In the time of Charlemagne the requirements of a separate monastic community within an extended and scattered manorial estate created this "monastery within a monastery" in the form of the locked cloister, an architectural solution allowing the monks to perform their sacred tasks apart from the distractions of laymen and servants. [8] Horn offers as early examples Abbot Gundeland's "Altenmünster" of Lorsch abbey (765–74), as revealed in the excavations by Frederich Behn; [9] Lorsch was adapted without substantial alteration from a Frankish nobleman's villa rustica , in a tradition unbroken from late Roman times. Another early cloister, that of the abbey of Saint-Riquier (790–99), took a triangular shape, with chapels at the corners, in conscious representation of the Trinity. [10] A square cloister sited against the flank of the abbey church was built at Inden (816) and the abbey of St. Wandrille at Fontenelle (823–33). At Fulda, a new cloister (819) was sited to the liturgical west of the church "in the Roman manner" [11] familiar from the forecourt of Old St. Peter's Basilica because it would be closer to the relics.

See also

Notes

  1. 1 2 Horn 1973, p. 13.
  2. "The Code of Canon Law, Canon 667 ff. English translation copyright 1983 The Canon Law Society Trust". Archived from the original on 2006-06-19. Retrieved 2006-06-17.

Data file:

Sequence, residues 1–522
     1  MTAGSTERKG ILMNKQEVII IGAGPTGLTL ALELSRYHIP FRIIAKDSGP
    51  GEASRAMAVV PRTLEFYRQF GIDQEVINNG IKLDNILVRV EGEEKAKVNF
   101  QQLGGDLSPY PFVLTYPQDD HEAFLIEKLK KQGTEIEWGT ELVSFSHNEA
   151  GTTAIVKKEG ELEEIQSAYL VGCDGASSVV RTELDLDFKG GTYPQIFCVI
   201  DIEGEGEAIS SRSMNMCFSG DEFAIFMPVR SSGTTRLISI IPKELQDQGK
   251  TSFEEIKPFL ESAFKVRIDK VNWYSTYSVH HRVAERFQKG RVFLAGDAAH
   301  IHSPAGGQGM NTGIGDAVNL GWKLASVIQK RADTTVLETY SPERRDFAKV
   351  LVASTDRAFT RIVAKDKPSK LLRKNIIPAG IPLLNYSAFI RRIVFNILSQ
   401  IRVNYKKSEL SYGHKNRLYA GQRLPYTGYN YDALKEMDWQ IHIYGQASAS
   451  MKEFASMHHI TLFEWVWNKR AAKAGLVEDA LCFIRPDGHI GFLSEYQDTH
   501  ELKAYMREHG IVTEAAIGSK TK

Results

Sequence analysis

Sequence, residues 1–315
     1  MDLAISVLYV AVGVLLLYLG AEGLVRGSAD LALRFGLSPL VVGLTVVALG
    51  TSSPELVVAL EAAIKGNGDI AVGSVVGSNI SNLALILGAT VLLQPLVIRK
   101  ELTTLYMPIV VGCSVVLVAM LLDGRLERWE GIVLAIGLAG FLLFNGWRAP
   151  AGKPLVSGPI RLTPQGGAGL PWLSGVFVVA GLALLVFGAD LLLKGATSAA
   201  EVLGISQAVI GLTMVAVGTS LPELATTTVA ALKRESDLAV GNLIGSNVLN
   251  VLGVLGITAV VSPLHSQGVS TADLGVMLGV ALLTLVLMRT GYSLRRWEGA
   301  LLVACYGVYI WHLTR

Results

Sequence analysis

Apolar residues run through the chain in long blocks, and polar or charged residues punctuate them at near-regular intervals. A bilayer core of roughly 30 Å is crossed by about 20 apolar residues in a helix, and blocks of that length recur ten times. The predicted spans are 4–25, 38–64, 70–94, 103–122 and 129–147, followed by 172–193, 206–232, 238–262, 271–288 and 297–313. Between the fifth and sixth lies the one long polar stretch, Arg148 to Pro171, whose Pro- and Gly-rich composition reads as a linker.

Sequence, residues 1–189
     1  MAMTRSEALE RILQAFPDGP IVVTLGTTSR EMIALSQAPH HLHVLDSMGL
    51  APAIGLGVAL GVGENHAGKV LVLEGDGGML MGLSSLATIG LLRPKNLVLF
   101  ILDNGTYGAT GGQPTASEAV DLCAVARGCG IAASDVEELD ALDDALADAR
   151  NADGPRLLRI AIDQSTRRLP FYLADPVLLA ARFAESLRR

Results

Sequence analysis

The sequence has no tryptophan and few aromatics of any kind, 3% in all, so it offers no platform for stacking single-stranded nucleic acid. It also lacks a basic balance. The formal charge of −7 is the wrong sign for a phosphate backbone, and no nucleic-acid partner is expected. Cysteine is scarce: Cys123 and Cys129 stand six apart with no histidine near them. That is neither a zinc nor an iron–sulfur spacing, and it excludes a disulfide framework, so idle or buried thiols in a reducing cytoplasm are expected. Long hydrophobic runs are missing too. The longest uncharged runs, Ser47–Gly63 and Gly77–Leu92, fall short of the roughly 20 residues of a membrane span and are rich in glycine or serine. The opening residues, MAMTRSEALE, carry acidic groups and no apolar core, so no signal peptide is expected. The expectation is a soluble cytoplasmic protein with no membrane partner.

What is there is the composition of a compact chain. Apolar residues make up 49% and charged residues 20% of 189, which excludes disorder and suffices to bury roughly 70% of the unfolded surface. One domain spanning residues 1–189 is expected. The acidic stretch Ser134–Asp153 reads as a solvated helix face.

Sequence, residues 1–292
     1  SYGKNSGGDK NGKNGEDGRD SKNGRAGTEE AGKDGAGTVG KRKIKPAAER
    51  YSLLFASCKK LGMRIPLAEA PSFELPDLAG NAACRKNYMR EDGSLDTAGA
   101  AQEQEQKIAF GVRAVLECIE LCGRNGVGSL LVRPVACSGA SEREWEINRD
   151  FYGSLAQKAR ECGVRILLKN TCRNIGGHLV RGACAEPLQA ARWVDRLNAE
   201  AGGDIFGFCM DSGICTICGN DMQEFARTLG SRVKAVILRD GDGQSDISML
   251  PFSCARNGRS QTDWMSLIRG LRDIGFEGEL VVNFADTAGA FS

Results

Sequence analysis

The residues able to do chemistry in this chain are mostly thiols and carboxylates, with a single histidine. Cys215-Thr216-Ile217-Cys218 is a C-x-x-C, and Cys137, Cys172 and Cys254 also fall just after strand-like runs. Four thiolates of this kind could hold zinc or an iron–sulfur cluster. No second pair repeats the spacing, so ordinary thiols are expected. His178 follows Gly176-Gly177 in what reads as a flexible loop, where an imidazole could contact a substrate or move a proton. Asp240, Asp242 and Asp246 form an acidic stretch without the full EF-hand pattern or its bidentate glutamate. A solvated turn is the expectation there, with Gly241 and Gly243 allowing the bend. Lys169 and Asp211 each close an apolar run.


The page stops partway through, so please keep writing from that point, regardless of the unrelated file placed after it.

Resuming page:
3. Cf. German Kloster.
  4. Horn 1973 gives these sources.
  5. The normal Syrian monastery plan was an open one, Horn observes.
  6. Horn 1973, plans, figs 9 and 10
  7. Horn 1973, pp. 39–40.
  8. Horn pp 40ff.
  9. When Lorsch was rebuilt on a neighboring site by Abbot Richbold (784–804) the cloister was made a perfect square, against the south flank of the new church, precisely as in the plan of St. Gall (Horn 1973:44, figs 43ab, 45).
  10. Horn 1973:43 and fig 42ab.
  11. Vita Eigili, the life of Abbot Eigil.

Related Research Articles

Abbot Religious title

Abbot is an ecclesiastical title given to the male head of a monastery in various western religious traditions, including Christianity. The office may also be given as an honorary title to a clergyman who is not the head of a monastery. The female equivalent is abbess.

Abbey Monastery or convent, under the authority of an abbot or an abbess

An abbey is a type of monastery used by members of a religious order under the governance of an abbot or abbess. Abbeys provide a complex of buildings and land for religious activities, work, and housing of Christian monks and nuns.

Benedictines Roman Catholic monastic order